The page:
In this scheme, Alice may be dishonest. We show that she cannot forge $|S\u27e9$. The verifying process of the signature $|{\varphi}^{\text{'}}\u27e9$ must use the private keys ${S}_{A}$ and ${S}_{B}$, so the receiver Bob can confirm Alice’s legation with the help of CA. An effective $|S\u27e9$ needs using the knowledge of the Bob’s private key ${S}_{B}$, because Alice does not know the value of ${S}_{B}$, she cannot forge signature $|S\u27e9$. Concluding, a malicious Alice cannot forge credential certificates by herself to get some services from the service provider Bob.

**Bob forgery attack**

Suppose that, an attacker wants to impersonate the service provider Bob to verify Alice’s identity in order to provide some false services. In the verify phase, a verifier has to use his private key ${S}_{B}$ and the shared private keys ${R}_{A}$ between Alice and Bob to verify the validity of Alice’s credential certificates $|S\u27e9$ . Only the service provider B ob has the two keys ${S}_{B}$ and ${R}_{A}$. So no one can verify the validity of Alice’s credential certificates except Bob. As well as, one possible strategy for the malicious Bob that tries to forge Alice’s signature is to obtain the private key ${R}_{A}$ to generate $|{\varphi}^{\text{'}}\u27e9$, however, since the key is distributed through quantum key distribution, it would be impossible, . Moreover, the service provider Bob does not know Alice’s private key${S}_{A}$, therefore Alice’s credential certificates $|{\varphi}^{\text{'}}\u27e9$ cannot be forged by the service provider.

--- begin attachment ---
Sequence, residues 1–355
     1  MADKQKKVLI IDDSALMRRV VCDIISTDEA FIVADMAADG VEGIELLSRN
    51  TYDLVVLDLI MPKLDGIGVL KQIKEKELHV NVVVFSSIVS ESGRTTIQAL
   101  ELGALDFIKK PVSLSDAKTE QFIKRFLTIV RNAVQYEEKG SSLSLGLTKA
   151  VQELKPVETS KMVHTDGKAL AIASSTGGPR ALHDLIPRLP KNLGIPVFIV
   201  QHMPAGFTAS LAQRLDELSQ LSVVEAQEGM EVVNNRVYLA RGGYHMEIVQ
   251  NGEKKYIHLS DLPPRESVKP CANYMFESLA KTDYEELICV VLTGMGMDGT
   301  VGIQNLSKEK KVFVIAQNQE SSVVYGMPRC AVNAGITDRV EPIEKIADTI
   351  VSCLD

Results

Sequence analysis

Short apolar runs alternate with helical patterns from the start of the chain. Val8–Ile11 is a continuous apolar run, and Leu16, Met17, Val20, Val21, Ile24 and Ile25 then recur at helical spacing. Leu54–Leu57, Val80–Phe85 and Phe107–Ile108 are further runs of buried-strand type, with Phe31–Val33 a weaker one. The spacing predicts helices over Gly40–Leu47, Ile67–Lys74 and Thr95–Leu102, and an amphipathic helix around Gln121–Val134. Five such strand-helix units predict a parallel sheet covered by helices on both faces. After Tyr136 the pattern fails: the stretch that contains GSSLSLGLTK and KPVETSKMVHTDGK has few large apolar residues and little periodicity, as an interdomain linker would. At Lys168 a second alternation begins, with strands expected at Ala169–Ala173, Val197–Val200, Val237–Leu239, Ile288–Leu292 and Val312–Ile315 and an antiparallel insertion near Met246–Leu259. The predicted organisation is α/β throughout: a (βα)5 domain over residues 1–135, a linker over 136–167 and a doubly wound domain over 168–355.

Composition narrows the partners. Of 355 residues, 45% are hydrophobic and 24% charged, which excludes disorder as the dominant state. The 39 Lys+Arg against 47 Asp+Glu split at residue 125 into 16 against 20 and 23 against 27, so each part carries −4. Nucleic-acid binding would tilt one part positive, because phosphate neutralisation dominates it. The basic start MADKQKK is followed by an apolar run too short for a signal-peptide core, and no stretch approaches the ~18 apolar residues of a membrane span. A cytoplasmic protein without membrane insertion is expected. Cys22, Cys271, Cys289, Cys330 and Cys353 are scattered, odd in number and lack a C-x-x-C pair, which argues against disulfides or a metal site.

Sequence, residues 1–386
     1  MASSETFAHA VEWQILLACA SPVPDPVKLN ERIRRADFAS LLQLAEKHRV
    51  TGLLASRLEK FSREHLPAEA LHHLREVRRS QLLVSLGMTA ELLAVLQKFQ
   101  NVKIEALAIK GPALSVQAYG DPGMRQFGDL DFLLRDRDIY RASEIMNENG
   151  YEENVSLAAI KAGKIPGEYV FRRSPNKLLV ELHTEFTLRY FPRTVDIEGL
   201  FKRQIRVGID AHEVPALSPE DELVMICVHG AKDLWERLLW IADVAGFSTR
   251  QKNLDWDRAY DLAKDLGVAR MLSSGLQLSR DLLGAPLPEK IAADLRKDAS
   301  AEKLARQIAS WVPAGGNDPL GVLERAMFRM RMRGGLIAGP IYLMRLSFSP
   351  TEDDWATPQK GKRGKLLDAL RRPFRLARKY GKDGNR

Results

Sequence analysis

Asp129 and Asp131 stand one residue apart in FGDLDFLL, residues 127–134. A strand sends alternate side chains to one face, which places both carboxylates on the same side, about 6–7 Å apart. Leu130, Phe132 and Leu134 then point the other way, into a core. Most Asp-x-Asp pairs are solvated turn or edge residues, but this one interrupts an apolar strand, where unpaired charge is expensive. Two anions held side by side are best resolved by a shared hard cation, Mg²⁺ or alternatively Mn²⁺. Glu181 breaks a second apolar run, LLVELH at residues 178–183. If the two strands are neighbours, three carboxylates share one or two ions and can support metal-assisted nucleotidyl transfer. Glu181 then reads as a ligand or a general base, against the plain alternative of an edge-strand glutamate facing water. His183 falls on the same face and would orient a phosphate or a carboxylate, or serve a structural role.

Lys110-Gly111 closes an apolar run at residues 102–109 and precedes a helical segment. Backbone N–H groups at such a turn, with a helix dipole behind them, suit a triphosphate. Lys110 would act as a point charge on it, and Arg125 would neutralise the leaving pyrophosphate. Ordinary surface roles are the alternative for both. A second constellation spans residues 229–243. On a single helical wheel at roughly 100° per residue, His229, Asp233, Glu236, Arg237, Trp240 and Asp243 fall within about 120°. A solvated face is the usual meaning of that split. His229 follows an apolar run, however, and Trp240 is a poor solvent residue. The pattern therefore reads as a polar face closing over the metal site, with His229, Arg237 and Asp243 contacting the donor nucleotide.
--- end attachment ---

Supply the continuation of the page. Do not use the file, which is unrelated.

**Impersonation attack**